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Caring for Self

while Caring for Others

A series of interweaving workshops that address the fundamental, root causes of stress and trauma-induced suffering. Relevant and adaptable to a wide range of settings and needs.

A program designed for healthcare providers, first responders and others working in high stress environments.

As my training and clinical practice in somatic psychotherapy and trauma deepened, it became clear to me that our system of medicine and health care was becoming unsustainable. Our cultures were failing to adapt and evolve in response to increasingly indifferent and hostile forces.

For some time, we have understood that our deepest nature has been to survive. As stresses imposed on physicians and other healthcare providers become unremitting and overwhelming, survival patterns originating in the nervous system and brainstem emerge and escalate. Invariably - without some profound shift in how we operate our healthcare system - this will only get worse. Our responses to increasing adversity, driven by deep brain survival structures, will become more desperate, dangerous and unpredictable.

In the summer of 2012, I read Trauma Stewardship by Laura van Dernoot Lipsky, a social worker in Washington state. Her powerful book, alongside my own sense of impending challenge and change, would lead me to conceive of the Caring for Self while Caring for Others series.

When Irina and I introduced the program in the fall of 2012, burnout was not yet fully part of the collective consciousness in healthcare. That would change following the landmark study, published later that year in the Archives of Internal Medicine, which surveyed more than 7,200 U.S. physicians, finding that nearly half reported at least one symptom of burnout, putting doctors at higher risk than most other U.S. workers.

Since our inception in the fall of 2012 (following a wild two days of driving back home from the Berkshires, on the tail of Hurricane Sandy), Irina and I have been offering four to five original presentations annually in Toronto, as well as additional presentations for various groups such as medical students and medical specialists.

Our foundation has always lay in trauma theory, stress physiology and somatic psychotherapy. We emphasize that without exploring unaddressed trauma and stress physiology, trauma and stress physiology will rule us, leading to burnout, addiction, mental illness, chronic mind/body illnesses, medical errors, family breakup and other forms of suffering.

Building on those foundations, our presentations evolved to explore a multitude of areas in the realm of restoring health and a sense of aliveness, ranging from somatic regulation and resilience tools, to sexuality and vitality; to facing the challenge of navigating rapid shifts in the social and environmental landscape.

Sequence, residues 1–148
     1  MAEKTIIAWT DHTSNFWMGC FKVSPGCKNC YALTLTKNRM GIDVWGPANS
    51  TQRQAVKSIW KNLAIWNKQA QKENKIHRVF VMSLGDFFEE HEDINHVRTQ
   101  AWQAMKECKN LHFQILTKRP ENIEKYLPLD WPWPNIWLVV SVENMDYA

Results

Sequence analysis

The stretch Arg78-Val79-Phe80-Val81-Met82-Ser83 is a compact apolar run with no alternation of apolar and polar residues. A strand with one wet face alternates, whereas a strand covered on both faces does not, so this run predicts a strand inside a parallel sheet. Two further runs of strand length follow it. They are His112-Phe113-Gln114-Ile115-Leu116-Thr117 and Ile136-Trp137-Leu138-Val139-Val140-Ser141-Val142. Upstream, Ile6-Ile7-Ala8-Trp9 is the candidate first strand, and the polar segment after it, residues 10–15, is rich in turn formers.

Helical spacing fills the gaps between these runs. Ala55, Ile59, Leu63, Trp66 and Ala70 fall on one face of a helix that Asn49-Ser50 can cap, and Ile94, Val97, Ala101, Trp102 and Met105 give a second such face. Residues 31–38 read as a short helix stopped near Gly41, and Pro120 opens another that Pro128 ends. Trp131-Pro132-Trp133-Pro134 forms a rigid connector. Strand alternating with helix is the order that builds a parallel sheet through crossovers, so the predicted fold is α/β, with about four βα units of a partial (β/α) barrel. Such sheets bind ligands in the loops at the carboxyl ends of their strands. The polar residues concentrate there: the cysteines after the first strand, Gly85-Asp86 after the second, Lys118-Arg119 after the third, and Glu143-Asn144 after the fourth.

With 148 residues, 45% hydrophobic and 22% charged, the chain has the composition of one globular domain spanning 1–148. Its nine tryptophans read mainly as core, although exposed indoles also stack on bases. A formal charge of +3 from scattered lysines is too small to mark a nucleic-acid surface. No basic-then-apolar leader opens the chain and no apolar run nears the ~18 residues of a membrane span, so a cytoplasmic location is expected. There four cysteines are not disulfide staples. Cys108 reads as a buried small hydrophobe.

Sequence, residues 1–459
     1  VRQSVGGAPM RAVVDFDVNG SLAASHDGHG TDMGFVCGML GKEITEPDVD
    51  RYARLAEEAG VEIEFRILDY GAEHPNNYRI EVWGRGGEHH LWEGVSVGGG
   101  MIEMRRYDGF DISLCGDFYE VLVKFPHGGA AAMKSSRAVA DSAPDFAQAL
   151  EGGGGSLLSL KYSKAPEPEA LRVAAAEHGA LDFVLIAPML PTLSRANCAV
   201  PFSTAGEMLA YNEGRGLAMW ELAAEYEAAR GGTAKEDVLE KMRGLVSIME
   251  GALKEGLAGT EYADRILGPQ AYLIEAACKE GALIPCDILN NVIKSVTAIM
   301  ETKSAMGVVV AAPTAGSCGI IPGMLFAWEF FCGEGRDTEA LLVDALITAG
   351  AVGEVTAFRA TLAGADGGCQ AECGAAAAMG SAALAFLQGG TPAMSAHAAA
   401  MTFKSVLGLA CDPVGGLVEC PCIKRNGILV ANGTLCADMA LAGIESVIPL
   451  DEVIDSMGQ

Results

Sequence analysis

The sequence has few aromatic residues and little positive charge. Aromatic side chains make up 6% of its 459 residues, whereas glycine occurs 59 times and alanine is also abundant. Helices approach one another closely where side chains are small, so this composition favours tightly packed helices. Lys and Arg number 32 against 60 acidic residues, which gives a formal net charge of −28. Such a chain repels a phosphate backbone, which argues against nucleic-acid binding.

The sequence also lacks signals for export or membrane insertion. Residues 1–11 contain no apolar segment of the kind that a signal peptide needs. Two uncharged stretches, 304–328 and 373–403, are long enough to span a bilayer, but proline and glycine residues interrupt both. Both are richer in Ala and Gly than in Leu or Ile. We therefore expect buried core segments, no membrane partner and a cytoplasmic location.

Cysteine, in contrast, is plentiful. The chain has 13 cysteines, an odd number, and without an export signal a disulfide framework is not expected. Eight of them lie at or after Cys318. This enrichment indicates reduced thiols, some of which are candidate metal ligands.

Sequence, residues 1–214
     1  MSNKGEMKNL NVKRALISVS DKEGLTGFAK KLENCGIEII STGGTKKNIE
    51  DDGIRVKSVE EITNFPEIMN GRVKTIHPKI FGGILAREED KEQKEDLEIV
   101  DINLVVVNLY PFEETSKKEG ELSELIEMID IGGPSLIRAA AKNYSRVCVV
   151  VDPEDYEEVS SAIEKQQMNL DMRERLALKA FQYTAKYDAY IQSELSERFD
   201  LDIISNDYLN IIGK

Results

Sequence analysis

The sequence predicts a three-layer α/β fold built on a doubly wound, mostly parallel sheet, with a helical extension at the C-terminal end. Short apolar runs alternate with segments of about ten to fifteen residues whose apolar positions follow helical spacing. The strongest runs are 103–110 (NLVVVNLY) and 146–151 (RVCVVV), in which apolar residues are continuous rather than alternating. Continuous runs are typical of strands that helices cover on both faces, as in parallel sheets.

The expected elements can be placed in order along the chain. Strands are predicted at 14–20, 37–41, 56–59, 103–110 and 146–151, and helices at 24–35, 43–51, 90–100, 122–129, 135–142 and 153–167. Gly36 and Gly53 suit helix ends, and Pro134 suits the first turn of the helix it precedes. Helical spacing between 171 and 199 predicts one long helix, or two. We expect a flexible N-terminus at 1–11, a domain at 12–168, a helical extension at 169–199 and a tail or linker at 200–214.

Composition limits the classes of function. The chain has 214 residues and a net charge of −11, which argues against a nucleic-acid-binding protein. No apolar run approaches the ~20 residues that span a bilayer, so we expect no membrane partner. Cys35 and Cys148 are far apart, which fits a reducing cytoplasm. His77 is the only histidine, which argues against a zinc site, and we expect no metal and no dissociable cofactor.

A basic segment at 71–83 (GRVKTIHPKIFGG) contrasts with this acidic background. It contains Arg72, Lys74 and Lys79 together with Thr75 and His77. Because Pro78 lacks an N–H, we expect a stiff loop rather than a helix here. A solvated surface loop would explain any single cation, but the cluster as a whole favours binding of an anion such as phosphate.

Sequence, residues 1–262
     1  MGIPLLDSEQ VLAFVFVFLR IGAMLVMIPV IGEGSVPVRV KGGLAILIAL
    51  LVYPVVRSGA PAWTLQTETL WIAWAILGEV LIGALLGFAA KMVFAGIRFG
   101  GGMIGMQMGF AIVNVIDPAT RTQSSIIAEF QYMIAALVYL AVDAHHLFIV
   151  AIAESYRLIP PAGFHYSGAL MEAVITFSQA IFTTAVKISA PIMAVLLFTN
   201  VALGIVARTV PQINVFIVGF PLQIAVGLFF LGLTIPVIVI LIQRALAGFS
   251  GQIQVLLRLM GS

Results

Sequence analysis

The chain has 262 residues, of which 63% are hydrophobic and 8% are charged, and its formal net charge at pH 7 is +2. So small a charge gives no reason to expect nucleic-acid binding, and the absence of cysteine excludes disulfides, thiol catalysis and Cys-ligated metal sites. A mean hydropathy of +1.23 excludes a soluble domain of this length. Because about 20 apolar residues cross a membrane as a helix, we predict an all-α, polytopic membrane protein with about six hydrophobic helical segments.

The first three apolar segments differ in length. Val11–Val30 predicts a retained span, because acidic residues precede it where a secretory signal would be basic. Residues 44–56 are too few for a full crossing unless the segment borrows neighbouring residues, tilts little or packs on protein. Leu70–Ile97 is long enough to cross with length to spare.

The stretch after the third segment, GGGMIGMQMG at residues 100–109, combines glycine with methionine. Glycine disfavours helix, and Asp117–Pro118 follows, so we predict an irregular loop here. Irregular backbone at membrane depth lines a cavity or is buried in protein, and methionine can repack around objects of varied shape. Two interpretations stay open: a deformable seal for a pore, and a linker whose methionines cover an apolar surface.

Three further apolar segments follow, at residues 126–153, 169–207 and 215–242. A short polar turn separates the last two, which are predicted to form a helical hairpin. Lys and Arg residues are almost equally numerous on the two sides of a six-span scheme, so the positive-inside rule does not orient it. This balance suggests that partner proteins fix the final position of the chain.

Each of our presentations includes PowerPoint and video as well as opportunities for sharing and discussion. One principle we’ve always upheld - whether we’re teaching you to make your own smoothies or reviewing the latest scientific findings in the trauma and stress fields - is that we always include a somatic practice, led by Irina. Due to her enthusiasm for sharing her love of mindful movement, these aspects of our presentations and workshops attract positive feedback and help draw attendees back to future presentations.

As well as drawing from trauma and burnout literature, our presentations draw from:

  • Sensorimotor Psychotherapy and the Comprehensive Resource Model.

  • Literature

  • Contemporary music, television and film

  • Blogs, print and online journalism

  • Modern psychoanalysis

  • Social media

  • Eastern practices including yoga, Qi Gong and schools of meditation

  • Interventions such as journaling and art therapy.

  • The trauma-informed model.

From our outset, we have extended invitations widely to colleagues working in the health care and mental health fields. This has allowed for depth and richness. We were cautioned that this might lead to discomfort, self-awareness or awkwardness. Instead, it has instead added richness, breadth and diversity to the series. We have proudly witnessed profound collaboration and bridge-building as attendees share stories and challenges and recognize how we are far more similar than different. Building on Kristin Neff’s model of compassion, we see ourselves as a series built on common humanity.

In our seventh year, with the support of the Physician Health Program at the Ontario Medical Association, Irina and I offered our first live presentation simulcast on Zoom. This technology allows for a wider dissemination of self-care teaching and the sharing of new ideas.

As we enter our eighth year, what is our vision? We are actively reflecting upon and looking at ways we can bring more sharing and interaction to our presentations. And ultimately, we do want to continue with our original vision of community building. We understand that if a regulated nervous system is the foundation of health, growth and change, healthy and connected communities are the most powerful bedrock of regulated and socially engaged nervous systems.

Current attempts to address burnout, moral injury, addiction, depression and suicide can only succeed when we name and address the underlying social factors, traumatic stresses, perpetrator-victim dynamics, dysregulation and the survival strategies that overlay them. We hope that our series can continue to play a role in bringing us closer to a day when we can intervene at a preventive, holistic, systemic and integrative level, reducing the incredible burden of suffering and despair that now threatens the very fabric of healthcare and emergency services.

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